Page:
Russian PM asks party not to talk about presidential vote
United Russia relies heavily on Vladimir Putin for its public support.
Novo-Ogaryovo: Prime Minister Vladimir Putin told leaders of his ruling United Russia party on Friday to focus on the December Parliamentary Election and not get "excited" about the 2012 presidential vote.
A senior United Russia official said on Thursday the party wanted Putin to return to the presidency in the election next March. Putin has hinted he may run himself or endorse President Dmitry Medvedev for a second term.
The party official`s remarks reflected growing tension between backers of the two leaders, who have said they will decide together on a candidate. A series of assertive moves by Medvedev have suggested he wants to stay on.
"As for the presidential campaign, I would ask you not to talk about this issue, not to get excited -- it is not until next year," Putin told United Russia leaders at his residence outside Moscow.
He said United Russia, the dominant party he has used as a source of support and instrument of power, should concentrate on the election for the State Duma, the lower house of Parliament, where it holds a controlling majority.
Putin more popular than party
United Russia relies heavily on the popular Putin for its public support. Polls have shown the party`s popularity falling, and strong showings by rivals in regional elections last month pointed to concerns about Russian economic troubles and discontent with the entrenched ruling party.
Poor results for United Russia in December would be unlikely to affect Putin`s chances of winning the presidency if he runs, but they could undermine his mandate and embolden opponents.
President from 2000-2008, Putin became leader of the party after steering his protégé Medvedev into the Kremlin when he faced a constitutional ban on seeking a third straight term.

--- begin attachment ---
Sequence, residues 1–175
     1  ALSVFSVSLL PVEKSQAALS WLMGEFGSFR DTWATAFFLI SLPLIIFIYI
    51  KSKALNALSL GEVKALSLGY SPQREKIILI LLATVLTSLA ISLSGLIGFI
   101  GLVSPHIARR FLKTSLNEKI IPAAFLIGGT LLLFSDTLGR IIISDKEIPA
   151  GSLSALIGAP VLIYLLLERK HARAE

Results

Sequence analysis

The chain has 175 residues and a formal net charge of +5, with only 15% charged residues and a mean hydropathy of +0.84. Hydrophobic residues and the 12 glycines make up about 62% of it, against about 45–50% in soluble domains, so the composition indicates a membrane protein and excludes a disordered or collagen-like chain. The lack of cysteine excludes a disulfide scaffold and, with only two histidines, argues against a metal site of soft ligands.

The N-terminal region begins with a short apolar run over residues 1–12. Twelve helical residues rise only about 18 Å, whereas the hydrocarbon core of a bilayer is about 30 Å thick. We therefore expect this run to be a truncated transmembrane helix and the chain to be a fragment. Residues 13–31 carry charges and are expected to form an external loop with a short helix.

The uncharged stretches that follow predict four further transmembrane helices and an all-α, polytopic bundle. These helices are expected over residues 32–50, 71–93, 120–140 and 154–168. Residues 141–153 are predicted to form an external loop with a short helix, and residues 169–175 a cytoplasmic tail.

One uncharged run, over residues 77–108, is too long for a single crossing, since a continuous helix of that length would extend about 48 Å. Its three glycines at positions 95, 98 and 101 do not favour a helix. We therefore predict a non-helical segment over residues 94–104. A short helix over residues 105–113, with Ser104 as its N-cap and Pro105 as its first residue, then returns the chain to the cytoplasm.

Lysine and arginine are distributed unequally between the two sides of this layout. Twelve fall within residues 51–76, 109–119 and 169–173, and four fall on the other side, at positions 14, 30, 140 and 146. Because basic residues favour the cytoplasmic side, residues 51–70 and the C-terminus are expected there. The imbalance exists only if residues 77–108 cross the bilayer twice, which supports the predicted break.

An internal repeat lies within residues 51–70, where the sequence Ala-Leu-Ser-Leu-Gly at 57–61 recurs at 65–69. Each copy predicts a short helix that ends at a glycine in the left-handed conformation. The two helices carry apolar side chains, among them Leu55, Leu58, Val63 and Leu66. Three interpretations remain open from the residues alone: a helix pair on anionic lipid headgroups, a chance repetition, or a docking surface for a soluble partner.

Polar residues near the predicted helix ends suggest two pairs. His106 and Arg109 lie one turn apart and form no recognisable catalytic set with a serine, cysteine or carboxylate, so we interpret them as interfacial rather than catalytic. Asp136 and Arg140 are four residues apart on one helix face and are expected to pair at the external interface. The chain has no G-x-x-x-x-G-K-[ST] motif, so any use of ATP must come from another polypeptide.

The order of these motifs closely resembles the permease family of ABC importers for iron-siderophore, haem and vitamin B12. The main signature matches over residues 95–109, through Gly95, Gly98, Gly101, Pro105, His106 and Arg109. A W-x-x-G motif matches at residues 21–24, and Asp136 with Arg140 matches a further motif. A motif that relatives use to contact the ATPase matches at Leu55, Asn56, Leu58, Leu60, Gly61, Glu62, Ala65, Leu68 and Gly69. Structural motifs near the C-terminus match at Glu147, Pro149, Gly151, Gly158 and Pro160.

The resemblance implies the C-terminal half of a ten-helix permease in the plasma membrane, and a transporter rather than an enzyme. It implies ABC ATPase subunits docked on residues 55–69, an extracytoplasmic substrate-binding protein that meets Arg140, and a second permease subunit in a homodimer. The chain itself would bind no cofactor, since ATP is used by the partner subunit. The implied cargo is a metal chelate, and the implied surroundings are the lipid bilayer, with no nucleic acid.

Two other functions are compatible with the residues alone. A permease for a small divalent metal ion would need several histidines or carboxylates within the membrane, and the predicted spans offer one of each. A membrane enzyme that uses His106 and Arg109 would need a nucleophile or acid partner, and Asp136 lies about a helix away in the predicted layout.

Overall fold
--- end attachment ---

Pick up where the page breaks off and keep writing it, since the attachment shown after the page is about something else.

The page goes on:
Putin helped United Russia win a commanding victory in 2007 by putting his name atop the candidate list.
Putin has not said when a presidential candidate will be named. After Medvedev said recently that he would decide whether to seek re-election soon, Putin indirectly rebuked him by saying it was too early to announce a candidate.
Putin urged United Russia to ensure its most effective members rise to the top. "If United Russia wants to be competitive against other Russian political parties, it needs to create an atmosphere of competition within its ranks," he said.
He told party leaders Russia expects 1.138 trillion roubles (USD 40 billion) in windfall energy revenues this year due to high world oil prices, and urged them to think about how to best use the money to improve the lives of citizens.
Putin ordered the party to prepare a campaign programme and candidate lists for the Parliamentary Election by September. He said it should discuss potential candidates with voters.
State Duma speaker Boris Gryzlov, the chairman of United Russia`s Supreme Council, said the party would hold internal elections to choose candidates for its parliamentary list.